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Operation Vengeance: The Mission to Kill Admiral Yamamoto

On April 14, 1943, naval intelligence scored another code-breaking coup. The message began: “On April 18 CINC Combined Fleet will visit RXZ, R–, and RXP in accordance with the following schedule . . .” Adm. Isokoru Yamamoto was planning an inspection visit of Japanese bases in the upper Solomon Islands. The information immediately went from Commander in Chief Pacific Fleet Adm. Chester W. Nimitz to Secretary of the Navy Frank Knox who delivered the news to President Franklin Roosevelt. Reportedly, the president’s response was, “Get Yamamoto.” Regardless of whether or not the president actually said those words, the order was given: kill the mastermind of the Pearl Harbor raid.

Squadron 339 P-38 must at all costs reach and destroy. President attaches extreme importance to mission.

—Secretary of the Navy Frank Knox Top Secret Message April 17, 1943, to Adm. Chester W. Nimitz

Ironically, the target of American vengeance had repeatedly risked his life speaking out against war with the United States. As a result of postings in America and England, he saw how weak industrial Japan was compared to the United States and Great Britain.

Adm. Isoroku Yamamoto

A portrait photograph of Adm. Isoroku Yamamoto taken during the early 1940s, when he was commander in chief, combined fleet. Yamamoto was the mastermind of the Japanese attack on Pearl Harbor. U.S. Naval History and Heritage Command photo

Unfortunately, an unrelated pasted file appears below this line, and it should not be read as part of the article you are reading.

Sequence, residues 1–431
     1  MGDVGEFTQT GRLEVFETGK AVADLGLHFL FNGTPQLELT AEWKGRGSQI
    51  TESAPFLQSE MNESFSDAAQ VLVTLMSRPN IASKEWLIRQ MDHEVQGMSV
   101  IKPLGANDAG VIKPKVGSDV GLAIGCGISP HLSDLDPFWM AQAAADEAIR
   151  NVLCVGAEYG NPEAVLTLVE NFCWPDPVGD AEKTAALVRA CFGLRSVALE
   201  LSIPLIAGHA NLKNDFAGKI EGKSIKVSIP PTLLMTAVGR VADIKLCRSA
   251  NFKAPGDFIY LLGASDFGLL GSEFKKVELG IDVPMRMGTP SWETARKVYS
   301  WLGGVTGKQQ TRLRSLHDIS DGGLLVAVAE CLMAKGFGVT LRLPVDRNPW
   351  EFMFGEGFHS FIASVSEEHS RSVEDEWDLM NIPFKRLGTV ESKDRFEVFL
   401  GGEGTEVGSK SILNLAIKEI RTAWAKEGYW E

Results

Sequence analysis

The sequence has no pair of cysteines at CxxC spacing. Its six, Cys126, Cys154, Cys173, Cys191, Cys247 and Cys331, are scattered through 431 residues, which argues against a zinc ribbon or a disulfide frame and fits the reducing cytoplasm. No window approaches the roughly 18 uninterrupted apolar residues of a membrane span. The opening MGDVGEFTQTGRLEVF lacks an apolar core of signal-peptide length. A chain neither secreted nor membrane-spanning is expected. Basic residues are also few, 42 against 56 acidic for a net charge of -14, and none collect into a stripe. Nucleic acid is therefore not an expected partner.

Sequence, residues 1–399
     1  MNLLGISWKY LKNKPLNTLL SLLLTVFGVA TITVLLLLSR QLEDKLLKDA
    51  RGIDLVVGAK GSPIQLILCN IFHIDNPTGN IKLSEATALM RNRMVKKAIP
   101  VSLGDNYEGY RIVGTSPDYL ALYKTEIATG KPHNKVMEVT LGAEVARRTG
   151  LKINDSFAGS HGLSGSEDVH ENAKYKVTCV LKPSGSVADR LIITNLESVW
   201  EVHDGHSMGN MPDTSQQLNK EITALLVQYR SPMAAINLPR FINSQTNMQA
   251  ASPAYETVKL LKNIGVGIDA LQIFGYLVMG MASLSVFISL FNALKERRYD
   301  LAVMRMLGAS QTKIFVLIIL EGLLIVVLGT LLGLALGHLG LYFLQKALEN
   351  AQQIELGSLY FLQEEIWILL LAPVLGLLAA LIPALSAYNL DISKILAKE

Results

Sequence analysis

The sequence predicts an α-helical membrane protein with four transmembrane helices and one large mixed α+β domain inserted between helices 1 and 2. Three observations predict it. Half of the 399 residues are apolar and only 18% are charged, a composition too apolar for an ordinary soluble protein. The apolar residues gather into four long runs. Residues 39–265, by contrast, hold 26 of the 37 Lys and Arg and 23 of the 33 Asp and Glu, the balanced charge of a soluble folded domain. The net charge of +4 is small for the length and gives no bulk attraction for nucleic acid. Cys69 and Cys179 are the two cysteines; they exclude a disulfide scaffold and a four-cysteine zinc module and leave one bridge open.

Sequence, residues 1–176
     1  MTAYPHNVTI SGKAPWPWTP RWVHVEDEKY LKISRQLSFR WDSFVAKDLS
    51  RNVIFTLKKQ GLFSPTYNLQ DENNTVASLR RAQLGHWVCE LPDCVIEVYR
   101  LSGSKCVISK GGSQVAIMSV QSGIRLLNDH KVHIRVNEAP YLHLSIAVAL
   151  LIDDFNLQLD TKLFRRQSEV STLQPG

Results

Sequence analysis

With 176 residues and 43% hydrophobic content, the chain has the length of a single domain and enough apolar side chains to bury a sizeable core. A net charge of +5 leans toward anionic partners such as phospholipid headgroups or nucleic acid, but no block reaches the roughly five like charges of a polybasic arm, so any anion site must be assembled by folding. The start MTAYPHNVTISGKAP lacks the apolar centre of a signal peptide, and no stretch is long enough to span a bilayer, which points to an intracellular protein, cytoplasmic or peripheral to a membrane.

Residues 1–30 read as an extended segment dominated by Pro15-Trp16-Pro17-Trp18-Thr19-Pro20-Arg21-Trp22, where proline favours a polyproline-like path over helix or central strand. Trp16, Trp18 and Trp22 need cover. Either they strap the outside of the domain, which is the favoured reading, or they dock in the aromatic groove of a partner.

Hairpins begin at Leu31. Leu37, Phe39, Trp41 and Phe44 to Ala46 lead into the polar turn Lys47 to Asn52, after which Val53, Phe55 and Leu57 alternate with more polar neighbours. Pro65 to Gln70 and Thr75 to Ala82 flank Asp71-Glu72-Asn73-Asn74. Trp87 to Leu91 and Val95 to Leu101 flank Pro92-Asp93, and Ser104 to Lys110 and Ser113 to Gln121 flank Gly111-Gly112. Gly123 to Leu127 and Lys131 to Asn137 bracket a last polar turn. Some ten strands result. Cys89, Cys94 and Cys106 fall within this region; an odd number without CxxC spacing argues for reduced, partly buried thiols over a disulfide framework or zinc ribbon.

When asked by Prime Minister Prince Fumimaro Konoye how war between Japan and America would go, Yamamoto replied he would “run wild for six months or a year, but after that I have utterly no confidence.”

On Sept. 18, 1941, in a meeting with classmates from his hometown of Nagaoka, Yamamoto said, “It is a mistake to regard Americans as luxury loving and weak. … Remember that American industry is much more developed than ours, and – unlike us – they have all the oil they want. Japan cannot vanquish the United States. Therefore we should not fight the United States.”

“That’s too bad, Watanabe. If I die before you, tell the Emperor that the navy did not plan it this way from the beginning.”

But when his government decided to go to war, Yamamoto set aside his personal feelings and vowed to do everything he could to achieve victory.